Next is the famous basketball court outside of Z.J. Williams School. I was invited in for a pick-up game tonight, but I declined on the grounds that I'm a wrestler. That, and none of the students had bugged me enough to want to go in and foul the crap out of somebody.

Thissa here is the infamous Red Shed. This is where the magic takes place. Sort of. It is where I have set up my welding machine (the doors to the left) and my driving simulator (doors straight up the boardwalk.) I spend at least half of my day in the shed.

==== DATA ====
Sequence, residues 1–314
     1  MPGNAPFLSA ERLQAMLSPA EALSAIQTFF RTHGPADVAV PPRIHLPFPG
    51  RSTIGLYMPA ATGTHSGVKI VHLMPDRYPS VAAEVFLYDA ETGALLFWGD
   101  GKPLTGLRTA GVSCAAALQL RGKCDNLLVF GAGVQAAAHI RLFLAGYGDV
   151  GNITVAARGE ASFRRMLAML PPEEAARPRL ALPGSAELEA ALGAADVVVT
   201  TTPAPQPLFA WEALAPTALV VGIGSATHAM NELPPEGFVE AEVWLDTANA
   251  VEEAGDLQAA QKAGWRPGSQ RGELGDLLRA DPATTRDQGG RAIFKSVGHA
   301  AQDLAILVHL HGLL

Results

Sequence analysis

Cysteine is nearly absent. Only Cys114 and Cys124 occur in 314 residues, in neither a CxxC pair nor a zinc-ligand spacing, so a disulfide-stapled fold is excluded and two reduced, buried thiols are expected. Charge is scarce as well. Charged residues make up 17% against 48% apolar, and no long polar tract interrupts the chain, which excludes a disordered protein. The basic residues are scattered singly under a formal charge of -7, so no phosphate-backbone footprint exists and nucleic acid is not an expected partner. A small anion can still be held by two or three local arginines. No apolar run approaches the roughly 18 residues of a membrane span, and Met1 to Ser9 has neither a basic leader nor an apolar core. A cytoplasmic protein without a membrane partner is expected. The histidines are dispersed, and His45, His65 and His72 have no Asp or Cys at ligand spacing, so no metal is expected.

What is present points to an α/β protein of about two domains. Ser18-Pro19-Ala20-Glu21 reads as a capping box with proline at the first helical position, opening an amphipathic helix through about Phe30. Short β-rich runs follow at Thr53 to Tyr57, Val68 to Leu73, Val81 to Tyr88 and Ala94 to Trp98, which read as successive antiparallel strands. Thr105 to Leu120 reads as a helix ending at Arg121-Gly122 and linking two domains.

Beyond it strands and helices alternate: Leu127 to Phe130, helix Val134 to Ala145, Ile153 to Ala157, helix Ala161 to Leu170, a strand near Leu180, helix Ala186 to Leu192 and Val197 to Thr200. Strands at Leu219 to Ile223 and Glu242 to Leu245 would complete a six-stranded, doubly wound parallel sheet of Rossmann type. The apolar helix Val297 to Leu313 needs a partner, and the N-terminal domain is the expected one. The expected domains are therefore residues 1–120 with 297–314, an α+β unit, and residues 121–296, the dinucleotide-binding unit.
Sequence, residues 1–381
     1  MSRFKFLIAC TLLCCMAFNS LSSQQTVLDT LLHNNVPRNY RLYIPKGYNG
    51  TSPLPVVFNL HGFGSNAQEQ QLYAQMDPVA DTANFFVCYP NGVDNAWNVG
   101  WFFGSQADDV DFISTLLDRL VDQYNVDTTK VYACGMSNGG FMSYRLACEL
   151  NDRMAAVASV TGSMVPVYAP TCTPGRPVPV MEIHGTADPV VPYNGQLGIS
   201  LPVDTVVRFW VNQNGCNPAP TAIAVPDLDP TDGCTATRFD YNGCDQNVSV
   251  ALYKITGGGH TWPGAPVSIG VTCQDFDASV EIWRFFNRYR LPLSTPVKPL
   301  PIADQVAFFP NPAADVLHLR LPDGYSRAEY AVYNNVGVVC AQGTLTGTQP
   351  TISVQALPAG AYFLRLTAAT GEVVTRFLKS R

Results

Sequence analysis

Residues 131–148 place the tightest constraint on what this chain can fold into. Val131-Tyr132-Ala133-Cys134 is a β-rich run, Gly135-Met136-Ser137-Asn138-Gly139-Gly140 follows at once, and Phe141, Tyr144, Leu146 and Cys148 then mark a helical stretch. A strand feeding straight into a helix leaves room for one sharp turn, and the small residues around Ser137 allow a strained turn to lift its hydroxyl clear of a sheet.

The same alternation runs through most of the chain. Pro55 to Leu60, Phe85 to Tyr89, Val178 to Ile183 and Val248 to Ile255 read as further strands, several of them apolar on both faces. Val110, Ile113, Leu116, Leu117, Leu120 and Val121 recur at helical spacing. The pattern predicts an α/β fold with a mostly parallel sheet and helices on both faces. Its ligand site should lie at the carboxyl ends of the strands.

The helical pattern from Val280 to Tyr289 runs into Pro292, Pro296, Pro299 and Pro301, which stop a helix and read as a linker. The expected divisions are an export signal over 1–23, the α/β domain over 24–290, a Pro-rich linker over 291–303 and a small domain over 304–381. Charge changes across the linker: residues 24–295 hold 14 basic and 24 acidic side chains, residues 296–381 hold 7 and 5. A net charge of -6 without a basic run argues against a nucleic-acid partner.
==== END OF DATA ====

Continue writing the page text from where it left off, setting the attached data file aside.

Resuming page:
Stepping inside, it's a pleasant 58 degrees now that I've mastered the controls of my heater. Before this, it ranged somewhere between 40 and 80. The driving area is also a quasi wood shop. I also use a classroom inside the actual school to give the students other content. They like the driving alot more. Here are some students from Oscarville in my night class, hard at work, making me proud.